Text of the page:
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Programming Languages for EEs That Aren’t Worth Learning

May 10, 2019 by David Rutland

Unlike software developers, electrical engineers often use code to interact with the outside world; driving sensors, gathering data, powering motors, and other practical uses.

Different development languages are suited for different development purposes—game devs wouldn’t code the next big MMORPG using MATLAB, and it’s unlikely that any engineer working on data analysis would find the Unity 3D platform in any way useful. Naturally, every language is good for something, but there are valid reasons not to prioritise the ones listed below.

In this article, we’ll be covering the specific programming languages that aren’t necessarily suited to EEs.



Python the most popular programming language for beginner programmers because it is incredibly accessible. If you are dipping your toes into the pool of programming for the first time, there are few better languages to learn with.

Invented nearly three decades ago, Python has a simple syntax that doesn’t require you to learn about overly complicated data structures. It’s a staple of computer science 101 courses, and there are dozens of MOOCs (Massive Open Online Courses) available that provide affordable, or even free, instruction.

A huge downfall is Python’s accessibility; its ubiquity will mean you have the same coding skillset as a first-year computer science student, and you won’t stand out in a crowd; and for more specialised tasks, there are more suitable tools.


Javascript is more useful to web developers than it is to electronic engineers. Image courtesy of Ruiwen Chua.



C++ is an object-oriented language. Originally developed as 'C with classes' at Bell Laboratories, it was renamed as C++ by its inventor Barney Stroustrup in 1983.

Despite its age, C++ is still widely used today. It is updated regularly with new features and extensions to the standard library, which makes it even more useful to coders and engineers. It can be considered a low-level language, meaning that it is used to write programmes which relate to the specific hardware of a particular type of computer. Only Assembly is closer to the native language of the computer.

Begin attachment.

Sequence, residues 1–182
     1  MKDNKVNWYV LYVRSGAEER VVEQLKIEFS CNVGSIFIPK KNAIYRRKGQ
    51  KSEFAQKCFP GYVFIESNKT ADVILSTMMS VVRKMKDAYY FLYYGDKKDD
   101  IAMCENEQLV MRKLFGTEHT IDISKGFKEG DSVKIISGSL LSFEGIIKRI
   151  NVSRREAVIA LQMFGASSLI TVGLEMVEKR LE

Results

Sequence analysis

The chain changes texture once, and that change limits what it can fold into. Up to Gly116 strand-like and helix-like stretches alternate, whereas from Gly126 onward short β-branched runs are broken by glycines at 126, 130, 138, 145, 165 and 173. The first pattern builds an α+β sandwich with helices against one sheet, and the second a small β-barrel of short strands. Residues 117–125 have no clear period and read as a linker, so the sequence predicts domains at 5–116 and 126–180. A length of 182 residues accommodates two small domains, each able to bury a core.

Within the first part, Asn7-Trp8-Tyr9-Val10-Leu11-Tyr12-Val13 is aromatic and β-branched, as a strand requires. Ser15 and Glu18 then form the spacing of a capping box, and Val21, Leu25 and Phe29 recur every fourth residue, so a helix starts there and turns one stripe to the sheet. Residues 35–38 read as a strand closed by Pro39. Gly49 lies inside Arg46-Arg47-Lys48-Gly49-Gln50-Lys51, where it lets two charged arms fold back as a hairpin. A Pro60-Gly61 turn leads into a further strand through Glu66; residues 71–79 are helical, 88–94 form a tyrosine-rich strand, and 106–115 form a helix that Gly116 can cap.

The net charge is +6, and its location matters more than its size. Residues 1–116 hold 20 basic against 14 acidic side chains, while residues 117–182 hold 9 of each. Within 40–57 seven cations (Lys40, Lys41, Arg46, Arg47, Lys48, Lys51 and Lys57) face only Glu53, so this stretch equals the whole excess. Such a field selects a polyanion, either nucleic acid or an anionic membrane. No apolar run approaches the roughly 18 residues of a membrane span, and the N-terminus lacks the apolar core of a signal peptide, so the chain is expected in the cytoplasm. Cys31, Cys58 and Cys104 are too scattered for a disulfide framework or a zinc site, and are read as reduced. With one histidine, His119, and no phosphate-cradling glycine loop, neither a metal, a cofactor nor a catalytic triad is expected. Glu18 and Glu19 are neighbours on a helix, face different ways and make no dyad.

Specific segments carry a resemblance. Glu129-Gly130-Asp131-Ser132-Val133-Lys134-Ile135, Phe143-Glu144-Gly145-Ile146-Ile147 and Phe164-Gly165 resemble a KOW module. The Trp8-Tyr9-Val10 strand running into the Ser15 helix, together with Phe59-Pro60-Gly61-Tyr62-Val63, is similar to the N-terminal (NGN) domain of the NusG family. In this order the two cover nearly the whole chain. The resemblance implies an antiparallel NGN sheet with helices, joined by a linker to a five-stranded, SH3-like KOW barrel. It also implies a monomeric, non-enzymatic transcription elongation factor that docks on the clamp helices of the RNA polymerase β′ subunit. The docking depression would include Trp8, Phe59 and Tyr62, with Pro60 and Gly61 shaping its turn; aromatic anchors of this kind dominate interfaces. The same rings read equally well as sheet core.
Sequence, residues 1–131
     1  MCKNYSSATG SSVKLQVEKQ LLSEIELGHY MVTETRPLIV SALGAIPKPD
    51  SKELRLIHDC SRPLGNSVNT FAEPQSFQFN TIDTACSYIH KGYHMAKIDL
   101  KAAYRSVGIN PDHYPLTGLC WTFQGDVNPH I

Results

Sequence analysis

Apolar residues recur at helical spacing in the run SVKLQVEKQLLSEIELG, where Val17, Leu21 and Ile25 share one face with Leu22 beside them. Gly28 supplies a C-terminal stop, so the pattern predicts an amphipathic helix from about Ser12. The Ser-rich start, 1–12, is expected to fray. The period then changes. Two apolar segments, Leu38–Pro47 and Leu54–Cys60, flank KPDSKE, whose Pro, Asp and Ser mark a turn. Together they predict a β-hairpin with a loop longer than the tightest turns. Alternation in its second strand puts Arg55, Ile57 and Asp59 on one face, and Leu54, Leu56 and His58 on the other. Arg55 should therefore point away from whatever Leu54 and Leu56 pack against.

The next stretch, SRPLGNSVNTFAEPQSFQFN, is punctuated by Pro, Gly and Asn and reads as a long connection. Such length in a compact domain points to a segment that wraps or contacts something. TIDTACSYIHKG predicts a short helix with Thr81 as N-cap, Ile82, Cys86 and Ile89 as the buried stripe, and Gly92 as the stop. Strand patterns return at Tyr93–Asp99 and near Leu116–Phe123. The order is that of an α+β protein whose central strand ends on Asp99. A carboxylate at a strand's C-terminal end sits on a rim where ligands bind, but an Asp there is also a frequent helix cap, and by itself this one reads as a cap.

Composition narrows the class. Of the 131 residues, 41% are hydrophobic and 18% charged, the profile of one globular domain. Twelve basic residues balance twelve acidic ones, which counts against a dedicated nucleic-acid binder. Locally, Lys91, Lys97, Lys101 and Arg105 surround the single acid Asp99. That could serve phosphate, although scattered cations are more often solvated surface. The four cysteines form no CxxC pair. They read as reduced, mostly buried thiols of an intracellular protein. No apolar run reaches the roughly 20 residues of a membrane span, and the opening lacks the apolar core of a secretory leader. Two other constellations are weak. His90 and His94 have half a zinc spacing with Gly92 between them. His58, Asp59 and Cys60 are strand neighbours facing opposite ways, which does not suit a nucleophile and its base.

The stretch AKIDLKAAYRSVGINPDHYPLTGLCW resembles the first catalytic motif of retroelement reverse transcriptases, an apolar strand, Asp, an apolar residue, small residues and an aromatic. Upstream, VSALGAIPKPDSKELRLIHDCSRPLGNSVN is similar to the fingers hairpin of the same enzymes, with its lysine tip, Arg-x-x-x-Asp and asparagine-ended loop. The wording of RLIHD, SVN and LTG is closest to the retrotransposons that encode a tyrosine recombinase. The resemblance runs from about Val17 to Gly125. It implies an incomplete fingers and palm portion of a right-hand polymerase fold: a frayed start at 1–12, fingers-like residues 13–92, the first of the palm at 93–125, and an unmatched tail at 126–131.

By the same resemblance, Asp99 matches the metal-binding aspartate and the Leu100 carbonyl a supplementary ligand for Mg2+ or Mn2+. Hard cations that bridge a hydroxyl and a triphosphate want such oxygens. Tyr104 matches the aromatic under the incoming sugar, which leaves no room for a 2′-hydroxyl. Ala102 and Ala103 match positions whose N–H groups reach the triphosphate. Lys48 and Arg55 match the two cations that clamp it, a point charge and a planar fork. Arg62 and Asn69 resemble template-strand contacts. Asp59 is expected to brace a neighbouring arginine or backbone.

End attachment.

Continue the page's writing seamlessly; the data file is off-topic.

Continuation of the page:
C++ is ideal for applications that require more control of how computer resources are used, and for systems programming and embedded system-related projects. However, by giving programmers more control, C++ also gives them more issues to think about and to control.

Many features which are taken for granted in higher-level languages are absent here. It lacks automatic memory management and, as a compiled language, C++ applications need to be written for each individual platform.



Fortran is more than 60 years old but, thanks to its utility, it is still in use today, with the most stable version released in November 2018. It is especially useful for modelling and large scale simulations, as well as being astonishingly fast—rated by some benchmark tests as being around 100 times quicker than Python.

If you want to build large scale climate simulations or model molecular interactions then Fortran should be your first choice. It is the industry standard for the largest and most complex scientific models.

As the specifications were first laid down in 1954, much of the code still in use today is poorly documented and would be classed euphemistically as a legacy—designed and optimised for computer systems that no longer exist.

Few development environments are available for the language, and most Fortran programmers work with “little more than a text editor, compiler, debugger, and perhaps some performance analysis tools”.


The first mass-produced computer, the IBM 704 running Fortran code. Image courtesy of NASA.



The MATLAB platform was designed specifically to be used by engineers and scientists and is an abbreviation of Matrix Laboratory. It was written in C, C++, and Java.

MATLAB is exceptionally versatile and is widely used in embedded systems, communications, robotics, measurement, analysis, and motor control; it can be found in almost every scientific and industrial setting.

The software holds inbuilt libraries and add-ons covering neural networks, fuzzy logic, power systems, and communication, among others, and it can be very visual in its inputs and output, simplifying data for comprehension.

MATLAB and other products from the developer, Mathwork, are expensive; with individual license costs starting in the four-figure range. There is also a high cost to add-on modules, fees for software maintenance, and other charges, so it isn’t ideal to start unless you already know that you will be using it heavily throughout your career.

MATLAB is also very memory-intensive, with parallel processes sucking up resources, even on 16 core machines with 64GB of RAM. This makes it difficult to use on older and slower machines.

No programming language is perfect for every situation, and factors which might discourage users range from cost to ubiquity, to the depth of knowledge needed to even start learning. In the end, when it comes down to choosing a programming language to use, it depends on the situation and whether the advantages in that particular case outweigh the disadvantages.

Electrical engineers are involved in the design, development, simulation, prototyping, and testing of electrical equipment and systems. For sheer versatility and a reasonable amount of power, C++ is probably the most useful language to learn. For its arcane origins, lack of support and development tools, Fortran would be one to avoid unless your area of expertise involves impossibly large simulations and modelling.

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